Password managers are some of the simplest and most affordable tools available to the modern business, and yet, a large percentage of small (and large) businesses still aren’t taking advantage of them. The reason for this is anyone’s guess, but it’s likely a combination of old habits and a lack of understanding about what a password manager actually does. A password manager can become so much more than just a secure place to store digital passwords.
In this guide, we’ll take a closer look at how using a password manager for business can not only help the business save time and money, but also increase cybersecurity, create a more informed workforce, and potentially prevent a serious data breach.
1. The Average Cost of A Password Breach
Perhaps the most compelling reason to use a business password manager has to do with the cost of a data or password breach. This is nothing to turn your nose up to. A data breach costs an average of about $150 per record, so even small businesses will feel the pain of such a breach. Let’s say you’ve had 1,000 records breached. You just lost around $150,000. There’s a good chance your company doesn’t have a handy $150k lying around.
The thing about data breaches is that nearly 80% of them can be linked to compromised passwords. Aside from the monetary costs, of course, your business could also incur a much greater cost: the cost of a ruined reputation. Some of the largest businesses in the country have suffered data breaches and experienced a huge drop in revenue and customers following the breach. Small businesses have a much harder time recovering from such a thing.
In the end, the cost of a data breach goes far beyond the financial implications, and all of the implications combined can lead to ruin for the business.
Most of today’s password management services are cloud-based, meaning all of the information is stored on the cloud and can be accessed from anywhere by whoever possesses the “master password”. This level of accessibility is especially useful for remote teams, large businesses with multiple locations, or someone who moves around a lot for work.
Accessibility and security are the top priorities for today’s password managers, and you’ll find the ease of use is a serious advantage with remote teams. There’s a good chance many businesses will retain the remote work model following the pandemic, so getting set up with a password manager for the team is something of a priority.
3. Sharing Passwords
Some company portals will have universal passwords, but the last thing you want your team to do is to share passwords across emails, on paper, or over the phone. It’s easier and far more secure to create a team password vault in a password manager, ensuring that only certain people have access to the vault. This helps increase security, and ensures that everyone is following the password policies.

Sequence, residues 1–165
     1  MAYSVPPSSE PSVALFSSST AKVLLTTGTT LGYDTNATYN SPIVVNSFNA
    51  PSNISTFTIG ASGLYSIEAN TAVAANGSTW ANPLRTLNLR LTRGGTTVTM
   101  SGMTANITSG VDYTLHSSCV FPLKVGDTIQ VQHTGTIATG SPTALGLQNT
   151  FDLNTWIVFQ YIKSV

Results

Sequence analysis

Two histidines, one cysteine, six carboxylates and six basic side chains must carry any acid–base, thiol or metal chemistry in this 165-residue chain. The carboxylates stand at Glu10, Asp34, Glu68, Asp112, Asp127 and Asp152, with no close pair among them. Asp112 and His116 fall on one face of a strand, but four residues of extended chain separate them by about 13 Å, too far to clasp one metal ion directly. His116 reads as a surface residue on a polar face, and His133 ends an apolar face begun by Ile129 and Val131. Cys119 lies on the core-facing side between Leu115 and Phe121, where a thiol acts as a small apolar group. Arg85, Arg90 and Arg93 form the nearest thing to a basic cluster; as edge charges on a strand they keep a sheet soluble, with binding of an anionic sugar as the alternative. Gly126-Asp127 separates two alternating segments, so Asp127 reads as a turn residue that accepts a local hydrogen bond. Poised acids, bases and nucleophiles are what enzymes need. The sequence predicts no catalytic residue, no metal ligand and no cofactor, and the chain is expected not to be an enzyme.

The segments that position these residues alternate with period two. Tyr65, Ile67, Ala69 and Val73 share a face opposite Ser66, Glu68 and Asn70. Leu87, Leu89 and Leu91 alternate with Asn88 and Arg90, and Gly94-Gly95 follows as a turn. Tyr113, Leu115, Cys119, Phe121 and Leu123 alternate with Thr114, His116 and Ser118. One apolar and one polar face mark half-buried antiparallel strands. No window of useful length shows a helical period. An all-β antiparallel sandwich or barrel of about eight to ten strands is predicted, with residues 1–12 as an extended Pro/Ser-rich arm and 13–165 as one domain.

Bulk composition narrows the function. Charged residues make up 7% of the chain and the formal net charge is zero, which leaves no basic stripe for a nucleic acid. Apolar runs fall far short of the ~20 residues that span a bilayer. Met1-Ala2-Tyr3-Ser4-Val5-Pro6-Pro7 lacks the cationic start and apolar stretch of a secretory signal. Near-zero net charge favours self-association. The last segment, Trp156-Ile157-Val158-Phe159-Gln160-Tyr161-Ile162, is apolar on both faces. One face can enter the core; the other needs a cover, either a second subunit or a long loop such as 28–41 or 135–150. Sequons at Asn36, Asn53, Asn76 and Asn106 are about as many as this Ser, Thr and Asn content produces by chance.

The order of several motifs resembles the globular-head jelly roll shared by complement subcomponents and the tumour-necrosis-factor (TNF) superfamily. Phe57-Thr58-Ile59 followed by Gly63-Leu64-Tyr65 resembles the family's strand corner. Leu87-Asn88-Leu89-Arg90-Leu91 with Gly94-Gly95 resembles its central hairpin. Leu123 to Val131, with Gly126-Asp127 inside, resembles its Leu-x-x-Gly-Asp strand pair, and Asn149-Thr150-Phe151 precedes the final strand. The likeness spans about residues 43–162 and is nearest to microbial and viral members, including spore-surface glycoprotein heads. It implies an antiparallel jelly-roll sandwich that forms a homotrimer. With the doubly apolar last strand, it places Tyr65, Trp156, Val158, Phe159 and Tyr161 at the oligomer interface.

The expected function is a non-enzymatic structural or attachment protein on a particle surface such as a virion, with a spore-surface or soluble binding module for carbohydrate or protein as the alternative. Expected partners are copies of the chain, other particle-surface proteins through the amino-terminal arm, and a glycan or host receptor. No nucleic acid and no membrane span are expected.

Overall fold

4. Creating Stronger Passwords
Did you know that over half of all internet users reuse their passwords? Some users recycle their passwords as many as 14 times. So, what’s the issue? For starters, reusing a password is the golden rule of passwords and internet security (or rather, not reusing passwords). Passwords should always be unique and never reused. There are some strict password rules to follow, including not using company or self-identifying information like birthdays, addresses, employee ID numbers, etc.
Using a password manager gives your team access to the password generator feature, which can create a unique strong password with the click of a button. You can control the number of characters in the password, the letters and numbers, and much more. This helps build better password habits and makes creating better passwords simple and quick.
5. Password and Sensitive Document Storage
If you’re storing your passwords anywhere but in a password manager, they’re probably at risk. Many companies and everyday people simply resume memorable information in passwords, or, in lieu of this, store passwords in Google or Word Docs, on sticky notes, or other unsecured places. This is a huge mistake when it comes to password storage, as Word and Google docs aren’t as secure as you’d think, and sticky notes can get lost or stolen.
Password managers provide secure, easy storage for passwords, secure documents, and much more.
As the business grows, so do its security needs. Password managers are scalable tools that grow with the business, providing protection and security from day one all the way to the day you open your tenth location. Using a password manager ensures your security needs are always met, and the affordability of password managers makes them a tool you simply can’t do without.
7. More Informed Workforce
Using a password manager has the added effect of fostering a more informed workforce. This benefits the company and society as a whole. Your employees will be more knowledgeable about cybersecurity and password protection, which helps your business save time, money, and potential reputation costs. The employee takes that knowledge home with them, hopefully sharing it, and helping to create a more secure internet altogether. There’s no reason not to use a password manager!